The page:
HCMC Dining Guide

Monday, September 6, 2010

Some thoughts on life in Cambodia

Now that I've been here for over a week, I though I'd talk a little bit about what I think of Cambodia. The food has been good, not great. There are a lot of rice and curry dishes, as well as soups that basically look like Vietnamese pho. The best meal I've had was when a few of us hopped in a Tuk-Tuk and asked the driver to take us where he eats. We ended up at a store on a side street where no one spoke English, but through pointing we all ended up with a delicious soup bowl, coming to a grand total of $7 for 5 people. I had my first desperate sprint to a bathroom after eating lunch on Saturday. Oddly enough, it didn't happen after eating water buffalo, eel, frog, ox, goat with a sauce that had ants in it, or a whole fried tarantula, but after eating Pad Thai with shrimp, something I've had several times before. Luckily that passed quickly and I was able to eat crocodile cooked three ways later that night. It was almost as good as alligator but way bonier. I'm definitely looking forward to eating in Vietnam, since that is supposed to be one of the most delicious countries in the world.
The beer here is also good, not great. The most common brands are Angkor, Anchor (which can be confusing), and Beerlao. The best I've had is Tiger, which is popular all over Southeast Asia. The nice thing is that you can get a huge bottle of beer for $2 or less.

The people are amazing. Everyone is ridiculously friendly, and they almost always smile at you, even if you aren't. I've talked with some of the people I've met here about whether or not quality of life equals standard of living, and the people here show that those two concepts are not the same. I've seen naked, filthy kids playing with nothing but twigs, and they look like the happiest children in the world. People on the street seem very happy, even if they have nothing to go home to, or even a place to call home. Coming from America, where everyone is supposed to have the biggest, best, and most expensive TV/computer/car/house, this is jarring. However, it has me thinking that the person with the most things is probably not the most happy person.

I really enjoy providing entertainment for the locals, as many of the things we do look completely ridiculous to your average Cambodian. For example, I went to lunch with some friends one day, and a monsoon rolled through while we were eating. To get back to our Tuk-Tuk driver after lunch we had to go through what is apparently the most flood-prone intersection in all of Phnom Penh. So, we waded through a foot of rancid floodwater while locals laughed hysterically at us from their dry spots in the stores lining the street. I still don't want to know what I walked through, but I was happy to give everyone a good laugh.

The country itself is quite pretty. One of my favorite things is seeing the sun rise as I run along the riverfront at 6am. On our drive out to Siem Reap this past weekend we saw two incredible sunsets, and the rice paddies of the countryside are exactly what you picture when you hear the words Southeast Asia.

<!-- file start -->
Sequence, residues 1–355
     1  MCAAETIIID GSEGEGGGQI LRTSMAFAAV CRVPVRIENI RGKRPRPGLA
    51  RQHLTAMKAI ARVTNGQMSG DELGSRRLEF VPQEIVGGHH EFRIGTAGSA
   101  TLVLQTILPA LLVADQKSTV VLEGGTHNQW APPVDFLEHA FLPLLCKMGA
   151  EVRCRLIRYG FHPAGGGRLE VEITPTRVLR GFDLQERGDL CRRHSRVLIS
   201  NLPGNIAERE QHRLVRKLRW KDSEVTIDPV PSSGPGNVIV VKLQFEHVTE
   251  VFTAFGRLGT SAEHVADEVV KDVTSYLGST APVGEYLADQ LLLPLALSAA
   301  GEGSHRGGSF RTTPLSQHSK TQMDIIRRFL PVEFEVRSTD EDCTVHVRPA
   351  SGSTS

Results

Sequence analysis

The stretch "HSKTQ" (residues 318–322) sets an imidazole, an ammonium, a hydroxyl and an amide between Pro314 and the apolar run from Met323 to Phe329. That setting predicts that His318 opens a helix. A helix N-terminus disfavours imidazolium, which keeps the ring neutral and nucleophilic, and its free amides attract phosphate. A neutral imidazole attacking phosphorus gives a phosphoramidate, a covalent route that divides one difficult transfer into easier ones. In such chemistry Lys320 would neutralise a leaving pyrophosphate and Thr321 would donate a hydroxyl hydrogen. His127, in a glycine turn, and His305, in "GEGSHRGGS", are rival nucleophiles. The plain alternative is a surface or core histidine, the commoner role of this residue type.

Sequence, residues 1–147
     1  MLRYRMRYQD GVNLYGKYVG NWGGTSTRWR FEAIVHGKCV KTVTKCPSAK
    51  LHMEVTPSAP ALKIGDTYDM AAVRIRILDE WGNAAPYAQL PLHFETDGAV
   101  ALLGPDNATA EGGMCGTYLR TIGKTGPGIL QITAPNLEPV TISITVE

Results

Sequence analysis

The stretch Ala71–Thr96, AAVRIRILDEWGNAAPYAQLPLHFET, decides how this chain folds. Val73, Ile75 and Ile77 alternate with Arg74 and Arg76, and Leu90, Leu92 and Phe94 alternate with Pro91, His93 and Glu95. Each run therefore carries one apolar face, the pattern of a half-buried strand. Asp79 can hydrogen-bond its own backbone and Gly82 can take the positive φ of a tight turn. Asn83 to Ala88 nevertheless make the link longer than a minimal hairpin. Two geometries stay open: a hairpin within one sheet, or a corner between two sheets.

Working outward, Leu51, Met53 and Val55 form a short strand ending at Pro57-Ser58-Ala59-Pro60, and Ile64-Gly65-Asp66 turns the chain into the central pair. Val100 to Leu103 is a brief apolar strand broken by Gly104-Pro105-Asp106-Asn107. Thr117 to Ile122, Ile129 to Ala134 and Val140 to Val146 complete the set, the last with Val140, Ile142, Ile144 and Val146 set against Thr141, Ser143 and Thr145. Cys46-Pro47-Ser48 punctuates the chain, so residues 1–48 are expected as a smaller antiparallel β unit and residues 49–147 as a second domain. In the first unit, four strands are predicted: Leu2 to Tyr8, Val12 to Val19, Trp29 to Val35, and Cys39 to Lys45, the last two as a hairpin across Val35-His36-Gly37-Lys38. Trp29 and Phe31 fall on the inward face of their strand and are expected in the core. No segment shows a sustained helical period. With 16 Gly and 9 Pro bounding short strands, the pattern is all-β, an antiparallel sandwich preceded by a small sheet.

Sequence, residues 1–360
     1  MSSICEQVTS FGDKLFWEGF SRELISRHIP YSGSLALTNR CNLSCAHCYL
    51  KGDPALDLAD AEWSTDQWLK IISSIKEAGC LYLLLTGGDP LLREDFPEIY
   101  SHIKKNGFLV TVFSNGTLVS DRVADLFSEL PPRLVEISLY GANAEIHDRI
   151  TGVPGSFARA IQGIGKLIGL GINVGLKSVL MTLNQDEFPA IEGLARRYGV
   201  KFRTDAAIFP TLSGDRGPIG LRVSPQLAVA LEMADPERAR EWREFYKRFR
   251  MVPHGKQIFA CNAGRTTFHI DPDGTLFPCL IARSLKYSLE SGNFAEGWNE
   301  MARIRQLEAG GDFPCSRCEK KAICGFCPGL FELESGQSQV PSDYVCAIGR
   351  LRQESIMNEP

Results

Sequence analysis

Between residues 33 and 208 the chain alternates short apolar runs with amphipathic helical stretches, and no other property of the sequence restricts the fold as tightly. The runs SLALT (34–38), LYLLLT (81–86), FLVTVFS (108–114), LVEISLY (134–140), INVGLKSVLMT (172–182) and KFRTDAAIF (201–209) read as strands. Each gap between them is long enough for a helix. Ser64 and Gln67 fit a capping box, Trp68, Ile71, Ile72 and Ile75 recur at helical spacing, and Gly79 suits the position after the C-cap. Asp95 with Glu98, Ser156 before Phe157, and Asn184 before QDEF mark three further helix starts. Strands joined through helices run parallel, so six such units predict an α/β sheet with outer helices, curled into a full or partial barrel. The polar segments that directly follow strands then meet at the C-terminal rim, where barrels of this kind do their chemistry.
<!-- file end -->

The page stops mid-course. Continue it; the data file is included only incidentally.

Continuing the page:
One negative aspect is the obvious poverty. As soon as you arrive at any touristy area, children ambush you trying to get you to buy whatever they are hawking that day. Many of them speak good English, and I wish that I could just talk to them and ask about how they live, but all they are interested in is the sale. Seeing some of abject poverty here can be difficult, but, again, everyone somehow maintains a smile.

It is fascinating to see the mix of modern and ancient present throughout the country. Another reason I love going on early morning runs is to see the elephant that tourists can ride at a park in Phnom Penh walking with its master to the park. They take the road along the river, one of the busiest roads in the city, and cars and motorbikes pass the beast like it is just a normal part of traffic. It certainly isn't something I've ever seen back in the U.S. I thought this pictures, taken from my hotel in Siem Reap, illustrated the modern/premodern juxtaposition perfectly: a motorbike trying to pass a herd of water buffalo being taken to pasture. Again, not something you see in most countries.
Overall, I definitely like Cambodia, in case it wasn't obvious. However, I am even more excited to get to Vietnam, which happens Sunday.


  1. Cambodia sounds cool. I can relate to your feelings about the poverty, when i was in Nicaragua the poor children spoke English better than most of the locals and they were constantly trying to get us to buy little trinkets. But like you said, if you buy one thing, you will never be left alone. I saw your family in Mass today. Do people in Cambodia/ Viet Nam go to church on Sunday?

  2. Cambodia is largely Buddhist, so they do whatever Buddhists do. There were temples all over the country. Vietnam has a lot of Christians - there are a bunch of churches in Saigon, for example. The majority religion is Buddhism as well, but I think the country is more secular, and the there is no official religion because the government is socialist.